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What is Crucifixion?

Execution in the Ancient World through Crucifixion

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Jesus Crucified

Jesus Crucified

Today crucifixion is associated with Jesus and Christianity, but as a method of execution it enjoyed widespread popularity with tyrants and governments throughout the ancient world. It is generally considered one of the cruelest and most painful ways to kill someone, and ancient historians like Herodotus record its presence in one form or another among the Assyrians, Phoenicians, Persians, and more.

Crucifixion is also usually associated with nailing a person to a basic cross, the sort assumed to have been experienced by Jesus. In reality crucifixion could take many different forms — the label can be applied to just about any method of attaching someone to a stake or pole for exposure until death (or even after death by some other means, in some cases).

When crucified, a person could be tied, nailed, or even impaled on the pole. The object might be a cross, it might be a large T, it might be an X, or it might simply be a single stake. Seneca wrote: “I see crosses there, not just of one kind but made in many different ways: some have their victims with head down to the ground; some impale their private parts; others stretch out their arms on the gibbet.”

Alexander the Great seems to have been the one to bring the practice from the East to the West, applying it to robbers and rebels. The Romans adopted it and spread it even further, turning it into an important instrument of state control over its many far-flung and diverse populations. They also worked to make it even worse than it already was. Roman statesman Cicero called crucifixion “the most cruel and disgusting penalty.” Jewish historian Josephus called it “the most wretched of deaths.”

First the Romans “scourged” the victim: while the victim was tied to a pillar, soldiers would strike him with whips that had pieces of bone or metal inserted in the leather. This had the effect of stripping the flesh off a person’s body, piece by piece. After this, he had to carry the transverse beam of the cross (the patibulum) to the execution site, but only if the cross being used was a t or T type — the vertical pole was always left in place to be re-used over and over. If there wasn’t enough wood for large-scale executions, a simple cross (crux simplex) of just a single stake was likely used.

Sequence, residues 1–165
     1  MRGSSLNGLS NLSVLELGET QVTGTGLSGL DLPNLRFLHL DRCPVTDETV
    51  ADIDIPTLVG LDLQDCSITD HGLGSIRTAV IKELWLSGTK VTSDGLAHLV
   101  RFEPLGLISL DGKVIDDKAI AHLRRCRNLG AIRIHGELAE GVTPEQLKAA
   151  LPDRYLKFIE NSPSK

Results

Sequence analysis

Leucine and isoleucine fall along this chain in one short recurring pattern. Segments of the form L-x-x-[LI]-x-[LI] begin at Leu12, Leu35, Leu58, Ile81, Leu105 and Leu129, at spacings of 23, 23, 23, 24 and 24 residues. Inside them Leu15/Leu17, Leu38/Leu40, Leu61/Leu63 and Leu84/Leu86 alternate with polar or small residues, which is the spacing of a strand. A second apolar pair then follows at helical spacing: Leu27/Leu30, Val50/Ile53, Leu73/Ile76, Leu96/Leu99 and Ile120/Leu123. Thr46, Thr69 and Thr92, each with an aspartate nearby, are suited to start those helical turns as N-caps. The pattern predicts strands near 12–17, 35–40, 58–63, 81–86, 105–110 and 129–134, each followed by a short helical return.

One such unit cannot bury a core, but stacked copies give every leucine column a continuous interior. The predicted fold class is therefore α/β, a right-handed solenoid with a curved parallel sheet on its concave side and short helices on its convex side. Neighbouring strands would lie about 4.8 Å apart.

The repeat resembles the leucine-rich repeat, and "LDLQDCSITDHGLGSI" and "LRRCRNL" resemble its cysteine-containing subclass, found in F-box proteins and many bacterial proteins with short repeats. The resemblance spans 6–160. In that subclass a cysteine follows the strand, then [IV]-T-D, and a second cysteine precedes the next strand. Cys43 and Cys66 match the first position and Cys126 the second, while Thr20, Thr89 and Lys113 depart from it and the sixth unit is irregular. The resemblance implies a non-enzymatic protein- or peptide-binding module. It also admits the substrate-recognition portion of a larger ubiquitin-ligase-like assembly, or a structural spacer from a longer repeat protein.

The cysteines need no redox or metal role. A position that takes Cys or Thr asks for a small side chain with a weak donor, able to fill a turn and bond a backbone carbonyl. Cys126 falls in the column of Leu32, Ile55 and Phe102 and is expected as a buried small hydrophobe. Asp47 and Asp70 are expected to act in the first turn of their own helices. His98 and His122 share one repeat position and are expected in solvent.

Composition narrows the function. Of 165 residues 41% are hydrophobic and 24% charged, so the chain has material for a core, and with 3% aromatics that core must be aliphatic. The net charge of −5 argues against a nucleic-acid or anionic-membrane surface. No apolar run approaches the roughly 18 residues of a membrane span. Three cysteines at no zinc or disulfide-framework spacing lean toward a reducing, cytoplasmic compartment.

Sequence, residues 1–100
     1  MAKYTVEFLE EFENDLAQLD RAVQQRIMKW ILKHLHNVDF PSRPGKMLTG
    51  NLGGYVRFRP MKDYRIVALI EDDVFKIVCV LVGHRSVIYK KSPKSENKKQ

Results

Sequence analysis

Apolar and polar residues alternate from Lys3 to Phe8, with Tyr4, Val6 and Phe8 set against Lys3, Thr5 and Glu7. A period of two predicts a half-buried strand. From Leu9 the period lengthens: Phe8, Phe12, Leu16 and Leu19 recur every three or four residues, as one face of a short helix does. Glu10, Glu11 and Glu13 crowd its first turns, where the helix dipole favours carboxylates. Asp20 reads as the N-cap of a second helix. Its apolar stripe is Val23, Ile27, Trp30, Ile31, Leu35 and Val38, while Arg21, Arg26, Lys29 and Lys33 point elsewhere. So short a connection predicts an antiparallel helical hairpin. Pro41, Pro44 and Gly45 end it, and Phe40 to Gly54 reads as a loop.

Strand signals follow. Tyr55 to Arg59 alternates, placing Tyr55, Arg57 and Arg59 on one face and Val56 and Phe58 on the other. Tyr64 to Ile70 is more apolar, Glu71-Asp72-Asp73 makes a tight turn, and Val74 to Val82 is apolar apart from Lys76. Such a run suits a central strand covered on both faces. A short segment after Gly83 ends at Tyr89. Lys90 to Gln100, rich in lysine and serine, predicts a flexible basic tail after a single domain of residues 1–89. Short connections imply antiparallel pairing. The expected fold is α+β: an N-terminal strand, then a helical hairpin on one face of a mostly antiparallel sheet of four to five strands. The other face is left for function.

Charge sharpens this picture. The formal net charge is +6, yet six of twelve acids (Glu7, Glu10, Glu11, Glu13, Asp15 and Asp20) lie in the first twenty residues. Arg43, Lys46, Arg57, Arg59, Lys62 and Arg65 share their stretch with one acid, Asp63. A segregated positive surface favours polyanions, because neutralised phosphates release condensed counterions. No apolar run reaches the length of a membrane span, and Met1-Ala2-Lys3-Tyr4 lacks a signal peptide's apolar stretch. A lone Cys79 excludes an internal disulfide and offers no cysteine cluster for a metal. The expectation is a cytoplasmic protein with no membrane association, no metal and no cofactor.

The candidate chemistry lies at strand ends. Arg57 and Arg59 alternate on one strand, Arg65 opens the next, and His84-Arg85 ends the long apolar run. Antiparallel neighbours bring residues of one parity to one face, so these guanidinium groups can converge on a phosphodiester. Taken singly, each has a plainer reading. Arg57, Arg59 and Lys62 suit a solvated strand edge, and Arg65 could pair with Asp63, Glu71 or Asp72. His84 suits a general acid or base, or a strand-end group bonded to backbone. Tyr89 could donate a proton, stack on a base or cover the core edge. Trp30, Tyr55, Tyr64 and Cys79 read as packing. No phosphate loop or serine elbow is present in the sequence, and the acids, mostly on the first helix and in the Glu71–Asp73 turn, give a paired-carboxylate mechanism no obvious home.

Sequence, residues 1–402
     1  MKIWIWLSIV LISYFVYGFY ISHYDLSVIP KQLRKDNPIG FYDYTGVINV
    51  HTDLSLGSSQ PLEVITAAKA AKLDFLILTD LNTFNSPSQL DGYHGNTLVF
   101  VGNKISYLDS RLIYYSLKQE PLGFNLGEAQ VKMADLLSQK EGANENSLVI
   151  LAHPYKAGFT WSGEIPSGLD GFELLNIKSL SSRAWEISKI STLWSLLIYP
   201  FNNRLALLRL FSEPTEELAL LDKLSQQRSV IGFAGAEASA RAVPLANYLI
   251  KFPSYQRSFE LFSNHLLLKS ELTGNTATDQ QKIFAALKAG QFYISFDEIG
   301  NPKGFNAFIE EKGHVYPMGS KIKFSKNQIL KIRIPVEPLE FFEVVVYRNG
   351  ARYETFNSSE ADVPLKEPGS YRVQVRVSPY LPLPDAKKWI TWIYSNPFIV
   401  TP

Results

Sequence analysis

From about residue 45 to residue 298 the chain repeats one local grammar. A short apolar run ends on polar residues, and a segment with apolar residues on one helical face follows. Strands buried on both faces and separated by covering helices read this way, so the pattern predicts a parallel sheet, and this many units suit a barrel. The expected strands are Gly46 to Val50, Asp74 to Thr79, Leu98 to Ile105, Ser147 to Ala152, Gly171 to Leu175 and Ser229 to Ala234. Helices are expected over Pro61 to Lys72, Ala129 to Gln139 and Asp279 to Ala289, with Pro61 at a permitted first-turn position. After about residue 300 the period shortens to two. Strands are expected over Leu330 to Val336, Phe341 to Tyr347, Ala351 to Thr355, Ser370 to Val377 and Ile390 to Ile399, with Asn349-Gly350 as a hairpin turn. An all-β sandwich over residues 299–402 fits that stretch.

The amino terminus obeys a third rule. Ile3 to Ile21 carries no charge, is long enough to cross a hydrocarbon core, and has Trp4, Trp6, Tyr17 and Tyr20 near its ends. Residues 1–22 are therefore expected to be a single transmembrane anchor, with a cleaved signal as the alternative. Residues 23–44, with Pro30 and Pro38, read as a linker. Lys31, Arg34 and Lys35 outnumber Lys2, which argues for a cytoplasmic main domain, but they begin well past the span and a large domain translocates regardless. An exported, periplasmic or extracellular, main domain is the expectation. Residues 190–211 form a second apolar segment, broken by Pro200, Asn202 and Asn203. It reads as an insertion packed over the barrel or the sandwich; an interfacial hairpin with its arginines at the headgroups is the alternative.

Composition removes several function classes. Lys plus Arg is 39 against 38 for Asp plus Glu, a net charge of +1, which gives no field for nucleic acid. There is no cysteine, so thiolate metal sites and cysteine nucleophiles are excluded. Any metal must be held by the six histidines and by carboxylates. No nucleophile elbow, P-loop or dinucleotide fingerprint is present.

Once at the execution site, the victim would be nailed through the hands (or wrists) and feet. If he put his weight on a small shelf (sedile) below his feet, enough pressure was applied to the chest that made breathing difficult to impossible. Pulling and pushing oneself up, though, greatly increased the pain in both feet and hands. The victim would thus be left like this, desperate to find an even moderately tolerable position, for as long as was necessary for them to die — usually from suffocation. Afterwards, the body would be left to rot until it fell from the cross.

Roman citizens could only be crucified in the most extreme of circumstances (treason), but others could be crucified for almost any reason. There are a number of cases when Roman authorities engaged in mass crucifixions in order to subdue rebellious populations, especially in the troublesome province of Judaea, as Josephus records at some length. Josephus wrote about Titus’ treatment of the Jews:

    “They were first whipped, and then tormented with all sorts of tortures, before they died, and were then crucified before the wall of the city. This miserable procedure made Titus greatly to pity them, while they caught every day five hundred Jews; nay, some days they caught more... The main reason why he did not forbid that cruelty was this, that he hoped the Jews might perhaps yield at that sight, out of fear lest they might themselves afterwards be liable to the same cruel treatment. So the soldiers, out of the wrath and hatred they bore the Jews, nailed those they caught, one after one way, and another after another, to the crosses, by way of jest, when their multitude was so great, that room was wanting for the crosses, and crosses wanting for the bodies.”

Crucifixion was not a form of execution used by the Jews — in fact, it’s contrary to Jewish laws that require a person hung on a tree to be buried the same day. Romans, however, had no respect for such laws when it came to matters of the state. Jewish victims of crucifixion were hung for as long as anyone else. Shame was as much a part of the point as death, after all.

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